Zu der Gruppe von Völkern, die einen stärkeren Dagomba-Einfluß erfahren haben und deren Sprache offensichtlich zur Dagomba-Mosi-Gruppe gehört, sind schließlich auch die Builsa zu zählen. Sie setzen sich aus verschiedenen Einwanderungen zusammen, während der Grundstock der Builsa wohl Grusi sind.
1. Ein Teil der Builsa, darunter die Leute der Orte Gwedema (mit Gwedembibsi), Kadem, Sandema, Sinisi und Wiaga sind von Nordosten eingewandert. Ihr gemeinsamer Ahne soll einst in Zeko gewohnt haben, das heute im Nankana-Gebiet liegt. In Gwedemkpeo sind neben einer Zeko-Linie noch Leute vertreten, die aus Tongo im Talensi-Gebiet kamen. Von dem Mamprusi-Dorf Du und dem Nankana-Dorf Orogu zogen Gruppen nach Südwesten und gründeten das Builsa-Dorf Kunkua (footnote 41a).
2. Ein weiterer Teil der Builsa geht wahrscheinlich auf die Kasena zurück. Nach der Überlieferung gründete der Kasena-Schmied Akana am Ende seines Weges, der ihn von Kurugu (bei Dakai) über Cakani (bei Po) führte, um die Mitte des 18. Jh. die größte Builsa-Siedlung Kandjaga, mit deren Namen die Builsa zuweilen ebenfalls bezeichnet werden.
3. Von den südöstlichen Einflüssen auf die Builsa lassen sich unterscheiden:
a) Ein geringerer Einfluß aus Mampurugu. Nach der Überlieferung wurde Wurume, der Sohn eines Herrschers von Mampurugu, in das Land der Builsa verbannt und soll in Kasidema gelebt haben, das heute nicht mehr bewohnt ist. Während sich Wurume später nach Kunkua begab und schließlich über den Weißen Volta nach Osten zurückging (er soll sich in Pasankwaire nieder- gelassen haben), übten seine Nachkommen die Herrschaft über Kadima (in unmittelbarer Nähe des alten Kasidema), Sandema, Sinisi (alias Sinyesi) und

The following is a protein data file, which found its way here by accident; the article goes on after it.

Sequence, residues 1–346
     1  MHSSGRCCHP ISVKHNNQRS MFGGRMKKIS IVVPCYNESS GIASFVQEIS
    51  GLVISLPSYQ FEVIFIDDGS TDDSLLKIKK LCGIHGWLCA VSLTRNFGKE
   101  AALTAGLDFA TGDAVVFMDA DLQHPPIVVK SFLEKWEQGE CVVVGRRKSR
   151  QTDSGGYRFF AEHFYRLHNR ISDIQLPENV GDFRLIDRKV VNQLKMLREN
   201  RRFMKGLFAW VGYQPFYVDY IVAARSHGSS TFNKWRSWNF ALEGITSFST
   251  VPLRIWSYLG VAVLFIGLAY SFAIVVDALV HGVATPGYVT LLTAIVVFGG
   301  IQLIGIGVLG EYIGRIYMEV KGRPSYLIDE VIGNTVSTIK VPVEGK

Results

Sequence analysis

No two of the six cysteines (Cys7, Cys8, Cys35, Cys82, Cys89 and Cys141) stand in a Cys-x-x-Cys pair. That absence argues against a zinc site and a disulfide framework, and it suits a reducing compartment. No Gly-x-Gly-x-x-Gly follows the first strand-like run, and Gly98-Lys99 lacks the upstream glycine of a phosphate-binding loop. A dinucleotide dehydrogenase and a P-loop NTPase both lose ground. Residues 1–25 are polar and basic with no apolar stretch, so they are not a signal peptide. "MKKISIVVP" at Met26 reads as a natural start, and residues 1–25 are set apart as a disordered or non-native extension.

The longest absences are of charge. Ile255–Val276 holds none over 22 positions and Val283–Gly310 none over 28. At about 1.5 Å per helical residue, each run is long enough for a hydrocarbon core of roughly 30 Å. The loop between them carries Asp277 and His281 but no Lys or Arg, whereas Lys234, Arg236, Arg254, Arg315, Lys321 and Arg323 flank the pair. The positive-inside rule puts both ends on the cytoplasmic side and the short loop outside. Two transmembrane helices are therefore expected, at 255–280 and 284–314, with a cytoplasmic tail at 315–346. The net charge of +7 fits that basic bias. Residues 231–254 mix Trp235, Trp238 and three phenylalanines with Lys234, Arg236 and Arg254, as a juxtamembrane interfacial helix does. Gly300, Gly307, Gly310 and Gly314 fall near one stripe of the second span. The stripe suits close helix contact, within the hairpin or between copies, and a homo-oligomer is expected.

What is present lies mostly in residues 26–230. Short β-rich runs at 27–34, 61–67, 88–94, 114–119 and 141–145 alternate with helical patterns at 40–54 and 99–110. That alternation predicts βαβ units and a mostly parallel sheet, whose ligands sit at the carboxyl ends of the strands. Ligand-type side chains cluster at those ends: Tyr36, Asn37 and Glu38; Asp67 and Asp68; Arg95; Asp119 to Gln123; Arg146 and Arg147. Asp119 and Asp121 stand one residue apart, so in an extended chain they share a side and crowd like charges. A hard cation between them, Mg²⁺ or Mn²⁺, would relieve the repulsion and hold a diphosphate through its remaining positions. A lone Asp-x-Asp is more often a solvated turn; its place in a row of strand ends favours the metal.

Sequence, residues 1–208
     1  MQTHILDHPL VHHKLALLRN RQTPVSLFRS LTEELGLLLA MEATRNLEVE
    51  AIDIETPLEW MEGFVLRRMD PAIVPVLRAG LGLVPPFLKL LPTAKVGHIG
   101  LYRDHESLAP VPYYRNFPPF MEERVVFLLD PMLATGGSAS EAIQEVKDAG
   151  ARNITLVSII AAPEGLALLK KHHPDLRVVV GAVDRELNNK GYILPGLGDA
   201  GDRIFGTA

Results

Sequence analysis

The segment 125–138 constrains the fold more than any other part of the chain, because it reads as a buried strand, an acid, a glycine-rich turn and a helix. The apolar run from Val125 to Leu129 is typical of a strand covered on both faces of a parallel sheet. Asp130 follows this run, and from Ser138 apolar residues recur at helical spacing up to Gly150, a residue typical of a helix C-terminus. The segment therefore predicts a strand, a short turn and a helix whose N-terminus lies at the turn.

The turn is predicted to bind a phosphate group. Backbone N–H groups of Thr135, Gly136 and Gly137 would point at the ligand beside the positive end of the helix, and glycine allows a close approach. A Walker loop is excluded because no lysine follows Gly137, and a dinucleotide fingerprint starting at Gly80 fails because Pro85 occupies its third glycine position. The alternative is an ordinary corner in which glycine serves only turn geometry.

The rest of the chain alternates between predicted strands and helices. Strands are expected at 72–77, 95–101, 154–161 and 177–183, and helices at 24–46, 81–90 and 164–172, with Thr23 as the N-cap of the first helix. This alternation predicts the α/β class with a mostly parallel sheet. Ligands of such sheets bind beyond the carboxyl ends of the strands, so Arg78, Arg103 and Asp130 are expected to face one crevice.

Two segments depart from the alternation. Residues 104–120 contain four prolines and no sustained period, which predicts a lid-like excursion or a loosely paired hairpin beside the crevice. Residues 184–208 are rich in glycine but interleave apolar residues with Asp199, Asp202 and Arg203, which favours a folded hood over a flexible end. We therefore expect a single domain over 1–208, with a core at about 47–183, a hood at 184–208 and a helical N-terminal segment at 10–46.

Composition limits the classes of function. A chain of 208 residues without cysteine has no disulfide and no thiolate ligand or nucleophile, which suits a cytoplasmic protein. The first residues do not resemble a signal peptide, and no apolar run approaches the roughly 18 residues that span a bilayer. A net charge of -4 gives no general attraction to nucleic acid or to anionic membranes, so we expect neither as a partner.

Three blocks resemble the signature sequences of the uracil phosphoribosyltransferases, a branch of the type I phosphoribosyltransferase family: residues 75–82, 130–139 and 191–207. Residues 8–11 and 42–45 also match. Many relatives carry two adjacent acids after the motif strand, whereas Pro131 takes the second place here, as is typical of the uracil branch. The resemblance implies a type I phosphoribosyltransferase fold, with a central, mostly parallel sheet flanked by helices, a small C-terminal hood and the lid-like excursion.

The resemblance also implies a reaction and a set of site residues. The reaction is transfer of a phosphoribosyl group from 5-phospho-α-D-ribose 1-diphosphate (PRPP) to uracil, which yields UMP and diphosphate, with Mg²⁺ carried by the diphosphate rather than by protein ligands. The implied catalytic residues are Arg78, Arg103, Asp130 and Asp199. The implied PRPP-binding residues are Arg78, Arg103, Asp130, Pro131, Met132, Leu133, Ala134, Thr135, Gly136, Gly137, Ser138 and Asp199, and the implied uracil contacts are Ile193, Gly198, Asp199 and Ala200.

(footnote) 41a  Rattray op. cit. vol. II, 398 f.

p. 242
Wiaga aus. Angeblich haben sie keine Beziehungen mehr zu den Mamprusi unterhaltcn (footnote 41b). b) Weit stärker war der Einfluß des Dagomba-Reiches. Die Dagomba- Reichsgründer drangen von Bagale nach Süden vor und gründeten um Dyari ein politisches Zentrum. Hier, im Westen des heutigen Dagbong, entstand ihre Herrschaft. Zwischen Karaga und Kumbungu stießen sie auf eine Vorbevölkerung, zu der auch die Builsa gehörten (footnote 41c). Die Dagomba vernichteten, unterwarfen oder vertrieben viele alteingesessene Bewohner des Landes. Ein Teil des Builsa-Volkes im südlichen Grenzbezirk traf dieses Schicksal im besonderen, während weiter nördlich gelegene Gebiete weniger berührt wurden und offenbar auch später ihre Selbständigkeit bewahren konnten. Zu ihnen gehören die Orte Kandyaga und Kombisi (footnote 41d).
Im Süden entstand so die Dagomba-Provinz Savelugu (nach Tauxier loc. cit. mit sieben großen Dörfern und etwa hundert kleinen Plätzen, in der die Tinbihe, d. h., die ,Kinder des Landes’, den Großteil der Bevölkerung bildeten (footnote 41e).
4. Im Norden gerieten die Builsa in die Nachbarschaft der Kasena-Bura, z. B. in Pinda, Paga und Kayoro (footnote 41f). Ferner kamen sie mit den Nankana in engere Berührung.